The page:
Pelvic organ prolapses will affect 50% of women in their lifetime.
When a woman’s pelvic tissue and muscles are weak or damaged, pelvic organs can move out of place and create a pelvic organ prolapse. This can be an uncomfortable experience and lead to urinary issues.
- Pelvic organ prolapse affects 3% of U.S. women.
Pelvic organ prolapse is most common in older women. White and Hispanic women are more likely to experience POP than younger women and women of other ethnic groups. Most prolapses are discovered during routine pelvic exams or Pap smears.
- Symptoms develop over time.
For most, POP symptoms appear as the body ages. Pelvic organ prolapse is commonly caused by: pregnancy, obesity, constipation, hysterectomies, pelvic organ cancers, chronic coughs, genetics and aging.
For some women, pelvic prolapse can happen very suddenly.
- Severe cases of POP can make it difficult and uncomfortable to urinate, engage in sexual activity or have a bowel movement.
Most women with a prolapse experience a feeling of heaviness and pain in the pelvis, abdomen or lower back.
- Pelvic prolapse cannot be prevented… but there are ways to keep your pelvic organs healthy and minimize your risk.
Urologists recommend daily Kegel exercises, maintaining a healthy body weight, eating foods that are high in fiber and stopping smoking.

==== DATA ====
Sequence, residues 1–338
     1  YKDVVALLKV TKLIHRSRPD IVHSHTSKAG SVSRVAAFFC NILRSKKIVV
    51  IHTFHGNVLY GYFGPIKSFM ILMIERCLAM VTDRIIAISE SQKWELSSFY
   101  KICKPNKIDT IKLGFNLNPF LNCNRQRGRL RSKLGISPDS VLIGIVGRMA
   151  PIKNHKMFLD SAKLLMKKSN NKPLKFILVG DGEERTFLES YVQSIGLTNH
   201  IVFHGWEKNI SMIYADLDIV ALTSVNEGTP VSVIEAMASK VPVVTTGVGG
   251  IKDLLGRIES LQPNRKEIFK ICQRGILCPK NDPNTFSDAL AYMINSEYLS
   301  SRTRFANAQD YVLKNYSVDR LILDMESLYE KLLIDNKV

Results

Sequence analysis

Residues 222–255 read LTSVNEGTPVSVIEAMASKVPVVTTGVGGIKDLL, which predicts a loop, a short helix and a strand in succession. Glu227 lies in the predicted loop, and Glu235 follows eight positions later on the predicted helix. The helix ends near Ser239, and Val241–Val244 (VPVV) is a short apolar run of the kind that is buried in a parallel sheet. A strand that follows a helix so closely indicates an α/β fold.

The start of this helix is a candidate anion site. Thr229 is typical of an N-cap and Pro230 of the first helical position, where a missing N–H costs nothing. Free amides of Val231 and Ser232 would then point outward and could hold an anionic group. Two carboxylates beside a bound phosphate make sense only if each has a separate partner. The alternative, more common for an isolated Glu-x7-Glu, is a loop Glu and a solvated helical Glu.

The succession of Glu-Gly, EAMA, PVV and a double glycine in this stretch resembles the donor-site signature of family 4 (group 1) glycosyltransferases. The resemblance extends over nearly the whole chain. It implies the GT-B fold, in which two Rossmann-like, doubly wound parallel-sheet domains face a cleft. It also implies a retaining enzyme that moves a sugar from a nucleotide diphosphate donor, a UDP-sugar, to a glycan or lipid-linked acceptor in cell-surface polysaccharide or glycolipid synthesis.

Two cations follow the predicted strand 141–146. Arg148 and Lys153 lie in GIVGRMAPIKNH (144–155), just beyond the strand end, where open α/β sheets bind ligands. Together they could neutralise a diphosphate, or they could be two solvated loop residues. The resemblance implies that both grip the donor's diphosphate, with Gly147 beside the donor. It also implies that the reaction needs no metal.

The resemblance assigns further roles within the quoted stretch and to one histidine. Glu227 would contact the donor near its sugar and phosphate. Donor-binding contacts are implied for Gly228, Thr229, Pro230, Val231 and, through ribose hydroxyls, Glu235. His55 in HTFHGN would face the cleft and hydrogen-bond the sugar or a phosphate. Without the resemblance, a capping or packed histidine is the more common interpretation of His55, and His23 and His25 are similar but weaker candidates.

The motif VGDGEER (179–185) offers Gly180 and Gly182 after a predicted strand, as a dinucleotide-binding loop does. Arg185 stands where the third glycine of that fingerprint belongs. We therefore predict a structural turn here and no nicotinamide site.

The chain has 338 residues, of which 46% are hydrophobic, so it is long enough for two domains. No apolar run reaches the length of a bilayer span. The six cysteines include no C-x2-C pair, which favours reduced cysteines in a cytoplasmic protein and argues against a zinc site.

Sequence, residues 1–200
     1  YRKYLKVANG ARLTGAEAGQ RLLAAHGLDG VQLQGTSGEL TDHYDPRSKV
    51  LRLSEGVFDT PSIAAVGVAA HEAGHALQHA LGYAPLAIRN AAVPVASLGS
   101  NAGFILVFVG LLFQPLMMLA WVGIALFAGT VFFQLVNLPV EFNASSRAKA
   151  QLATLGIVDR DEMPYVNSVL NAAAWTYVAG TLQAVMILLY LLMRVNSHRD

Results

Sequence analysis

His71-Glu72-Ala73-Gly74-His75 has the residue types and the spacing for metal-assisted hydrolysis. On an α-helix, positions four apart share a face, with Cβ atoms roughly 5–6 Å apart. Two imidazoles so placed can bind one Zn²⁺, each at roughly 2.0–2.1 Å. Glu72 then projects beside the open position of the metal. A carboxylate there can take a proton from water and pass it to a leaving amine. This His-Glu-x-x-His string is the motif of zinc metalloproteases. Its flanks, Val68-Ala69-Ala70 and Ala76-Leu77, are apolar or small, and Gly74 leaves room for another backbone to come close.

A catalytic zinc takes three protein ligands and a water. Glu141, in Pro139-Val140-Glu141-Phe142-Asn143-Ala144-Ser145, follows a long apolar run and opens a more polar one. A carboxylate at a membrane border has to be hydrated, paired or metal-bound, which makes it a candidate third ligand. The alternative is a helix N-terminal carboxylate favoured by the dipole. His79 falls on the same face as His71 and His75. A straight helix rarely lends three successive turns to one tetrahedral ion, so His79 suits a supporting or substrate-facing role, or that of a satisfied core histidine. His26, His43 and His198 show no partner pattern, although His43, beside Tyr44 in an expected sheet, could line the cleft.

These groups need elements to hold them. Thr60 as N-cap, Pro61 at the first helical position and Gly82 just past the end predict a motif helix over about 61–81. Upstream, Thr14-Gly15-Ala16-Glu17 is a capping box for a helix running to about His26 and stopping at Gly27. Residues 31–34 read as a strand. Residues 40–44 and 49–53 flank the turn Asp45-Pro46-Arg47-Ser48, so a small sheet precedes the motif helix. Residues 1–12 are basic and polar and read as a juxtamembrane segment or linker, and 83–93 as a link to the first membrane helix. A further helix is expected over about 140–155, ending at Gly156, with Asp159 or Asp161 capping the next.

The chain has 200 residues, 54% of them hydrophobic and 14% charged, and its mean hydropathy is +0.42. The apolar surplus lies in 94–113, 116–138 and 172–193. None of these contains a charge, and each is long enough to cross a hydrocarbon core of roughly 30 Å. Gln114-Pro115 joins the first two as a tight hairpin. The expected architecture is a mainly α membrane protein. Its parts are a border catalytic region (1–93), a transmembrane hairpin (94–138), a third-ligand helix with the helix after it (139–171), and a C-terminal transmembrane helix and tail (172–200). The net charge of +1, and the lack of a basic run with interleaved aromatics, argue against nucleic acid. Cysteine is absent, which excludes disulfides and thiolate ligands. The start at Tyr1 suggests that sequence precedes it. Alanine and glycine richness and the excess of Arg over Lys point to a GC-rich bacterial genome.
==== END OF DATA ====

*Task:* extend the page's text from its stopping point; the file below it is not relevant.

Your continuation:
- There are many ways to treat POP.
Your urologist or physician may prescribe: medication, physical therapy, pessaries (a rubber or silicone device that holds the pelvis in place), estrogen treatments and/or surgery.
- Over 300,000 surgeries to treat POP happen in the U.S. each year.
Over 12% of American women will receive surgery for POP in their lifetime. In some cases, repeat surgery may be needed.
- Nearly 50% of incontinent women don’t seek help.
The effects of POP are incredibly common, but many women don’t turn to a urologist or physician for help. While treatment isn’t required, it can provide much needed relief.
Don’t suffer from POP any longer. Arkansas Urology is the state’s leading provider of women’s pelvic health and strives to provide each and every patient with nondiscriminatory, life-changing care. For more information on access, visit our FAQ section.